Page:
I tend to rag on Thomism a bit on this blog, so I thought I would post an attempt to show how Scotus and Thomas actually agree on the issue of univocity. A modest olive branch, if you will.
This position is the sort of thing generally left out of the grand narratives of the decline of the West in general and scholasticism in particular, being as they are in a rush to jump to Ockham and link Scotus' voluntarism with Ockham's.
Petrus de Attarabia sive de Navarra, Sent. I d. 3 pt. 1 q. 1 a. 3 (ed. Sagues Azcona vol. 2, 189-92):
As far as the third [article], I say that, as it seems to me, the first [opinio Thomae] and second [opinio Scoti] do not in fact disagree (I speak of the principal doctors who posited the aforesaid opinion; but [if] some others have declared otherwise, I don't care).
For harmonizing therefore each opinion, it should be known that an univocal concept is understood in two ways. In one way an univocal concept is taken from the unity and indifference of those things to which it is common and a mode of conceiving. And in that way it is univocation properly said, and of such as many the philosophers speak, and in that way genus and species are called univocal and other universals and also the categories.
In the other way an univocal concept is received only from the indifference of the mode of conceiving. Example: some man is individual, vague, common, univocal to all individual men under individual differences; but to individuals as such nothing is common unless from the mode of conceiving. This univocal is not a real universal, but is common only by a community of reason and mode of conceiving, just as is posited in the divine that 'person' is something common by community of reason to the three divine persons.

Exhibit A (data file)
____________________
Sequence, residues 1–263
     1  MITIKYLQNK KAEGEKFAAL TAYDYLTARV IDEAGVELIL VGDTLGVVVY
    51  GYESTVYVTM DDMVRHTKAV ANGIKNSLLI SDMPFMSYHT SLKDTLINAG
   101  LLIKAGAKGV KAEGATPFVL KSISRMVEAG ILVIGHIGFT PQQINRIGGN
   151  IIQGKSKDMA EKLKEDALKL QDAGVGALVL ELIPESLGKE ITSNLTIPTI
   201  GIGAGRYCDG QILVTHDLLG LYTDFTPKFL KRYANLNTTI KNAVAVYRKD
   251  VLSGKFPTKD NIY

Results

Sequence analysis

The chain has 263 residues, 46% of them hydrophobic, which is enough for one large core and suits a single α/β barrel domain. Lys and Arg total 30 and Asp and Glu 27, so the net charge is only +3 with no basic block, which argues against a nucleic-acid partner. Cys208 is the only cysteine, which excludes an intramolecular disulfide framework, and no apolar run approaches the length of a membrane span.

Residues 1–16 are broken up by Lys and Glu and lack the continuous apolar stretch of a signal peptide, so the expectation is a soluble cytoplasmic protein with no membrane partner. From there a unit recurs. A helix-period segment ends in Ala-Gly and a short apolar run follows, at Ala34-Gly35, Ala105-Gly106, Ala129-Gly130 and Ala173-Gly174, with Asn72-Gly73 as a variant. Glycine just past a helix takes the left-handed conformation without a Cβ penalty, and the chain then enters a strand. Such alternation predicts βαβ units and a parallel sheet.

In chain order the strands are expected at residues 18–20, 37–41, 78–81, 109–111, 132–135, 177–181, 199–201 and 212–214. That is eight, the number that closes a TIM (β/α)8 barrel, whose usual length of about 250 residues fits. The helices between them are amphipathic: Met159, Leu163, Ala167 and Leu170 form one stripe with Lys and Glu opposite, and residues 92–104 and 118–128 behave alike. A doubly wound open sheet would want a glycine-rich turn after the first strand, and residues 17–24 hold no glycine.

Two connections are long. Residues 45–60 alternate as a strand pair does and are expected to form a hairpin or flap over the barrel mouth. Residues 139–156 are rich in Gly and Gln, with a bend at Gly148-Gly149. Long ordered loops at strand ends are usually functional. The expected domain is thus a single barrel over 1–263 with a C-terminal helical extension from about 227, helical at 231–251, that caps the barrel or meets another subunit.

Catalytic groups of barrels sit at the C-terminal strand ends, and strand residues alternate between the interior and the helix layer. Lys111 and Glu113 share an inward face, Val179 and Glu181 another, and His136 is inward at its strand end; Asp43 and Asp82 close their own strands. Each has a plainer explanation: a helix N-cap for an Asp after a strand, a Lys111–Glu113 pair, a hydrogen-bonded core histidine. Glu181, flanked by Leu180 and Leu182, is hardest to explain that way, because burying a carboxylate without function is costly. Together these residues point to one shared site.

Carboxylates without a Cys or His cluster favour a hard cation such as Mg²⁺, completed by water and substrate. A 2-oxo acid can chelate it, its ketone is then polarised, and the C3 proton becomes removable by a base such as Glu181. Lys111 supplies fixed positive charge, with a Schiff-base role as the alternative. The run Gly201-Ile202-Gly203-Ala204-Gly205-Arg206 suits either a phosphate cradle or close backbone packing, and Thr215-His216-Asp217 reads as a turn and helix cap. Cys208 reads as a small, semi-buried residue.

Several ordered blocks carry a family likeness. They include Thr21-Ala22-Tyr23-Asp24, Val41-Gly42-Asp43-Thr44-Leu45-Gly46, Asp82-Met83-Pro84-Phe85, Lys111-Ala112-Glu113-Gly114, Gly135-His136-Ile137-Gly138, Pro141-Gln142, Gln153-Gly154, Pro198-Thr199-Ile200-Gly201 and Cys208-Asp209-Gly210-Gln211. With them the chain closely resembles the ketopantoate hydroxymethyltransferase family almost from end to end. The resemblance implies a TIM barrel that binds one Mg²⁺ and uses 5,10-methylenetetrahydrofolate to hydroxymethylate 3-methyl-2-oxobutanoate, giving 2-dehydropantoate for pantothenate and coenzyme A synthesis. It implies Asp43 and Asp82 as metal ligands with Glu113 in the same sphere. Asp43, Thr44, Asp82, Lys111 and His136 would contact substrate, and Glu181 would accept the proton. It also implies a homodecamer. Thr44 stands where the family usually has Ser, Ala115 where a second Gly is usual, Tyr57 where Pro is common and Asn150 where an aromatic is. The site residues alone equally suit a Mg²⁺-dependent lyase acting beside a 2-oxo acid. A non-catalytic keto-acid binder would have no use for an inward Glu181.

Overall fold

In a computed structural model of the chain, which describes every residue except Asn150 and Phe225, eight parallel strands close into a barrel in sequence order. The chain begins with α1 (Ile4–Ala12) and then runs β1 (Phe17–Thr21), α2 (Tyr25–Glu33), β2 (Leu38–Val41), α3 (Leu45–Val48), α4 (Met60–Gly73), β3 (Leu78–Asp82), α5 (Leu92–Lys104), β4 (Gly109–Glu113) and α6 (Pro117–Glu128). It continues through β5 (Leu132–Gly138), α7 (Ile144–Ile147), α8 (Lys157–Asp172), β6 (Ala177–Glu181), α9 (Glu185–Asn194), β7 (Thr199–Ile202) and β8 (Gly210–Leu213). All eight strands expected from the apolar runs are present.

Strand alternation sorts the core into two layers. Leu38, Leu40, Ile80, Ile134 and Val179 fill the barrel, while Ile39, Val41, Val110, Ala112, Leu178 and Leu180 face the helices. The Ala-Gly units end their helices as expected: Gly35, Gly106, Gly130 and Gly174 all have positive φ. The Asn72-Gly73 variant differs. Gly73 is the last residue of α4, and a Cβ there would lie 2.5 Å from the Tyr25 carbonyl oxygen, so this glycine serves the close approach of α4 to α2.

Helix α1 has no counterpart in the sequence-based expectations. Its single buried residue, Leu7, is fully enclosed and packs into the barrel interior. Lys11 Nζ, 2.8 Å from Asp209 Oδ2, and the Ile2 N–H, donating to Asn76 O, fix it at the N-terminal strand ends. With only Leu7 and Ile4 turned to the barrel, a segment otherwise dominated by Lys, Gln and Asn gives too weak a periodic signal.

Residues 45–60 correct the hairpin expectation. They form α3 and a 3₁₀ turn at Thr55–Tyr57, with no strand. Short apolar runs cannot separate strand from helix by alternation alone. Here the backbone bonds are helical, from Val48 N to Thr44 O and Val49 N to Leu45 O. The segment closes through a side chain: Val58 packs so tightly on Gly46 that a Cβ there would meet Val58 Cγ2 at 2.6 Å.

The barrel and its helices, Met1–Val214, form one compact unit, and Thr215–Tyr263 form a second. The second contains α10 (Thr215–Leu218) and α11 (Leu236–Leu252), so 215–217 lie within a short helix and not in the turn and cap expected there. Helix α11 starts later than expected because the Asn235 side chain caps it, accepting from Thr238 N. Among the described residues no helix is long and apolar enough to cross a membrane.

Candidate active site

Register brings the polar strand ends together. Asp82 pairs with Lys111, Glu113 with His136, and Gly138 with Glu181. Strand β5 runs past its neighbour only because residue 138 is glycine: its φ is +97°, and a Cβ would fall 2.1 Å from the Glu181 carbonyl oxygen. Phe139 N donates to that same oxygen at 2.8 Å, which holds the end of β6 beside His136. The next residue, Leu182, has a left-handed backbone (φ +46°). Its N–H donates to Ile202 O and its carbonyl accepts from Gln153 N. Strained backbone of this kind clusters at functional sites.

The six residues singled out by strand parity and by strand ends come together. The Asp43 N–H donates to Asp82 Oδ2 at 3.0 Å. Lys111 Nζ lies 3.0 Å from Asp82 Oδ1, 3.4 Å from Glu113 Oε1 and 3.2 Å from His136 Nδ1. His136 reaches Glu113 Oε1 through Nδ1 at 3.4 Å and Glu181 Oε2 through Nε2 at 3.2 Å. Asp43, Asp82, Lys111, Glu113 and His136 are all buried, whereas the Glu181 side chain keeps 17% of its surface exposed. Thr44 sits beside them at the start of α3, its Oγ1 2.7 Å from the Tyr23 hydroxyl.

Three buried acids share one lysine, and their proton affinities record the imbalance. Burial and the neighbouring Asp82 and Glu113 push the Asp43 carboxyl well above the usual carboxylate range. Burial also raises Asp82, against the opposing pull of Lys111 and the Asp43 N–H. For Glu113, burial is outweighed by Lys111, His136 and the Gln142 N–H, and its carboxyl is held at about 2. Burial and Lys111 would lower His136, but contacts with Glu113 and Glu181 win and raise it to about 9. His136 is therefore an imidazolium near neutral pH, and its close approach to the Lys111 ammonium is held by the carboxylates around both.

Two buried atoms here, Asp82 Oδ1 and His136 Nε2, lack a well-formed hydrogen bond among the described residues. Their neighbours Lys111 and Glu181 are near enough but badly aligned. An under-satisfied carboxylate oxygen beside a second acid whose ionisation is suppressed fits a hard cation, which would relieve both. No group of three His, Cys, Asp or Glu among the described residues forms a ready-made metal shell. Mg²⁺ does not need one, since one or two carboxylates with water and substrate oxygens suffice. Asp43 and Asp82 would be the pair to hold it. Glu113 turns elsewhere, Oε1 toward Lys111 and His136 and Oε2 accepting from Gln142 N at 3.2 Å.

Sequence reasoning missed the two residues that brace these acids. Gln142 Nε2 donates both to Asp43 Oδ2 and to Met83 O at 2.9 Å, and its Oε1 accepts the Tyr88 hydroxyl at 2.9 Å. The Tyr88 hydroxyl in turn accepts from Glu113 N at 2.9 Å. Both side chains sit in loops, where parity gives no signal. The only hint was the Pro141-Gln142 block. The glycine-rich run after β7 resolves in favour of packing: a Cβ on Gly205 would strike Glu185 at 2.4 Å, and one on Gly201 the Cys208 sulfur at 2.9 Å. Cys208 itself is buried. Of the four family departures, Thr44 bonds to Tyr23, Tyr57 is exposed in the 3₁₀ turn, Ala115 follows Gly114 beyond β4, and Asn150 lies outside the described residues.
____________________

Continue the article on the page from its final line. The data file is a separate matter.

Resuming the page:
To apply this to the matter at hand: by taking univocation in the first way, being is not univocal, because then it would be a genus, nor would the statement of the Philosopher be true, I Physics, where he says that "since being is said in many ways" etc.; nor his statement in IV Metaphysics "that being is said of beings just as health of animal and of medicine." And the arguments adduced for the first opinion efficaciously prove this. And I believe that it is impossible that being is univocal in this way, because God and creature are entirely distinguished; otherwise God would not be irreducibly simple.
Therefore by taking univocation in the second way, namely which is received from the indifference of the mode of conceiving, I say that being is univocal to God and creature, substance and accident, because our intellect conceives being under indifference, not that that indifference is from the part of the thing or things, but the intellect has this from its own nature. And in that way being is not a real universal or genus, but is said common by such unity that it suffices for preserving a contradiction and for avoiding equivocation in the middle term of a syllogism. And in that way common propositions and first [propositions] are one, and likewise the questions "is it?" and "what is it?" etc. II Posterior analytics. And in this way all the arguments of the second opinion conclude. All [doctors] have denied univocity in the first way, but not in the second way, at least some [have not denied it].